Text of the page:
At the heart of The Great Graduated Path is the thesis that, while tantra may be necessary to become a fully enlightened Buddha, a prior study of sūtra is absolutely necessary for the preliminary development of wisdom and compassion. In another significant work, The Great Graduated Path of Mantra, which discusses the four classes of tantra, Tsong Khapa defines the relationship of tantra to sūtra as that between method and wisdom.
In 1408, Tsongkapa established the Great Prayer (Mon. lam. Chen. mo), a New Year festival held in Jokhang, which won him much devotional support. In 1409, Tsongkapa had enough followers to found his own monastery in Riwo Ganden. Although initially calling his order the ‘New Kadam’, they soon became known as the Gelugs.
Tsongkapa’s views were similar to those of Atia. It is unclear whether Tsongkapa reformed a Kadam tradition that had become lax, or whether the Gelug simply grew out of the Kadam under his own personal renown. Drepung was founded in 1416, and Sera in 1419, the year of Tsong Khapa’s death. His body was embalmed and placed inside a chörten (tomb stupa) in Ganden.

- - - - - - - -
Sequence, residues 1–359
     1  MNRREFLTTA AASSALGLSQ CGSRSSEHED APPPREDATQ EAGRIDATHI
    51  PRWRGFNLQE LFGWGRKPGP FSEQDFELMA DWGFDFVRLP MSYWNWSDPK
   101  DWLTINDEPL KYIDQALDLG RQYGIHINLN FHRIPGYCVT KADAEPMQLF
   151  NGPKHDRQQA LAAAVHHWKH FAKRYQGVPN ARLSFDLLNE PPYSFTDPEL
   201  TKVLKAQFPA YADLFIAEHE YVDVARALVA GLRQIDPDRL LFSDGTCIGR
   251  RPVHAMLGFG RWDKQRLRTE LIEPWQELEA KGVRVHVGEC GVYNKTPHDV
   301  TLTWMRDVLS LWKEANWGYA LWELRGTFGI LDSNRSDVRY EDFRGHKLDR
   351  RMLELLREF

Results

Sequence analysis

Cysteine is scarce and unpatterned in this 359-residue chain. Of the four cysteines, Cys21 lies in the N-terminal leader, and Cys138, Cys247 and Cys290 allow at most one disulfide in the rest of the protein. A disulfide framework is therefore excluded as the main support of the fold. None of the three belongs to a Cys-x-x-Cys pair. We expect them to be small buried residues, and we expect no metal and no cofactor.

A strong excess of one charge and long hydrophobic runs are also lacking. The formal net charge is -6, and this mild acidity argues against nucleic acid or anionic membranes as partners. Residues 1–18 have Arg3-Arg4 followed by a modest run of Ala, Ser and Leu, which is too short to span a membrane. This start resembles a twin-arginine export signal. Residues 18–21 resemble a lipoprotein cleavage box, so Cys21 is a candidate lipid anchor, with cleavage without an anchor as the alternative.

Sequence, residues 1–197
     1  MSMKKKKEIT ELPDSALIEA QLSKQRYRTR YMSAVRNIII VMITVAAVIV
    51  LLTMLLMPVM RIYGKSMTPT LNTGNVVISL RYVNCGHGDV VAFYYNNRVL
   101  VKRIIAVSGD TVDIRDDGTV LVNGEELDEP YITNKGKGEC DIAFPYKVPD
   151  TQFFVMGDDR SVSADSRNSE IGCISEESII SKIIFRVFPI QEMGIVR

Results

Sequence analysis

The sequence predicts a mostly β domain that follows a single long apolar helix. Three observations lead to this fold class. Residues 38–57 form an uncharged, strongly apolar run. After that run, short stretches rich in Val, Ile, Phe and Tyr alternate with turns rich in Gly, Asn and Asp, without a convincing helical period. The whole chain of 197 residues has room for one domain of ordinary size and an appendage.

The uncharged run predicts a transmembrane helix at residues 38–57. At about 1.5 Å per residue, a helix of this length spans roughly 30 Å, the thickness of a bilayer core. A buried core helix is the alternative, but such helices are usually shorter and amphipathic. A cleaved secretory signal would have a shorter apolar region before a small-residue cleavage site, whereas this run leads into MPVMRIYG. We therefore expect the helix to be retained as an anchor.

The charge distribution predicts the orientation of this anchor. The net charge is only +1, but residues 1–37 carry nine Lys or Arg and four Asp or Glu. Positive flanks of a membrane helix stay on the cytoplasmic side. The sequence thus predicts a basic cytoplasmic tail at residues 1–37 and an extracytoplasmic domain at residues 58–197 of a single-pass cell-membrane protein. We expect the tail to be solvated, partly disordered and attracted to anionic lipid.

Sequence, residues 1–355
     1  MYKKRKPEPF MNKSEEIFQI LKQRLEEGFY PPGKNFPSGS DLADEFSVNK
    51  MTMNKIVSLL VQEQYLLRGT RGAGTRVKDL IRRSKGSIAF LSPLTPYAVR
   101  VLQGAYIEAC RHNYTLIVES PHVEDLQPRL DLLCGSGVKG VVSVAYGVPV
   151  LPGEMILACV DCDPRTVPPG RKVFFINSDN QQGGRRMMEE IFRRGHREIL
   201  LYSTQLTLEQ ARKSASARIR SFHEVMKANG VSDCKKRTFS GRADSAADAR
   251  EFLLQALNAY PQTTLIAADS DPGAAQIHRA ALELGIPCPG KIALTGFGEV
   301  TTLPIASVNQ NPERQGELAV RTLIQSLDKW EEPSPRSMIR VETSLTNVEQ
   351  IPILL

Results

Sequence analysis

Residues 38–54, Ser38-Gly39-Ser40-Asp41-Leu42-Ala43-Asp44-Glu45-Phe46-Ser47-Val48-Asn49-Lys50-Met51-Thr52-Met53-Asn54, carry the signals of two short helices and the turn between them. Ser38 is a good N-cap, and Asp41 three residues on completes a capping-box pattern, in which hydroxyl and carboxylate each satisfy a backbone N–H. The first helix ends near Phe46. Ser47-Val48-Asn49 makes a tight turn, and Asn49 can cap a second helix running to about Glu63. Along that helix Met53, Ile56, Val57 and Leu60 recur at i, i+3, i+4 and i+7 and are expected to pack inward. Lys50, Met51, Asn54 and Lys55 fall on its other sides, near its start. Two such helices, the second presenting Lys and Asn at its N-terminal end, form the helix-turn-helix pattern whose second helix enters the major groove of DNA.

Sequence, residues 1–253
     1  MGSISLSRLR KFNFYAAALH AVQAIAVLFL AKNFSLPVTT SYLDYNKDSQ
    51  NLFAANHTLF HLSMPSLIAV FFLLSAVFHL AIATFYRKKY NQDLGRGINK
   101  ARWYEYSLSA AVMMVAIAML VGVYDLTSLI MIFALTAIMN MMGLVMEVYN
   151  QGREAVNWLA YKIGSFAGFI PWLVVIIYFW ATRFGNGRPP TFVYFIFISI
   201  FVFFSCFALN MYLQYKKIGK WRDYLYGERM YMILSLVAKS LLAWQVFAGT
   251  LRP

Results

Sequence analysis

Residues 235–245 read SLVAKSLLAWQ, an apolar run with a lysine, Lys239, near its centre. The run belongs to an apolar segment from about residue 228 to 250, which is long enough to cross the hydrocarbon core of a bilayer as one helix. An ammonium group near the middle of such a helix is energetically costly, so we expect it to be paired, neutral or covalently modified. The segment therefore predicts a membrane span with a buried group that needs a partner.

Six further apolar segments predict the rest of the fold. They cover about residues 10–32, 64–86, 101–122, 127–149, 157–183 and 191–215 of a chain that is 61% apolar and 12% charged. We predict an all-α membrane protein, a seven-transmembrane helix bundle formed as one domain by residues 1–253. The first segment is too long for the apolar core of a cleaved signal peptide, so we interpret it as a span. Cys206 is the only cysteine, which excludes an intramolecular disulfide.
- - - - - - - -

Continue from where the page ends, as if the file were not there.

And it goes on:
The Gelugs (yellow hats) tradition was founded by Tibetan teacher Je Tsongkhapa (1357-1419). The basis is the old Kadam lineage, but it includes all other Tibetan traditions. For example, Tsongkhapa’s main teacher was Sakya teacher Rendawa.
Sonam Gyatso (1543-1588), received the title ‘Dalai Lama’ (Ocean of Wisdom) from Mongol ruler Althan Khan in 1578. In 1642, the 5th Dalai Lama became the temporal and spiritual leader of Tibet by order of the Mongol ruler Gushri Khan. Although trained in all four schools, all Dalai Lamas were Gelug; one of the reasons the Gelug tradition is most widespread in Tibet. Note that the posthumously declared “First Dalai Lama” Gedun Drupa (born 1391) was a disciple of Je Tsongkhapa.
Unlike what many people think, the Dalai Lamas are not the spiritual heads of the Gelugpa school; this is always the Gaden Tripa. Some typical aspects of the Gelug tradition: are an emphasis on ethics and sound scholarship. The main Buddhist teachings are collected in the Lamrim presentation (not unlike the Sakya Lamdrey teachings). The Gelug introduced the scholarly title “Geshe” as a fully qualified and authoritative spiritual master.
Ganden Tripa is the spiritual title of the Gelugpa head, not the Dalai Lama as often misunderstood. Ganden Tripa is neither reincarnation nor heritable. It is appointed based on competitive examination among candidates, and the duration of the position is 7 years. It was the 102nd Ganden Tripa Thupten Nyima Lungthok Tenzin Norbu that took place recently.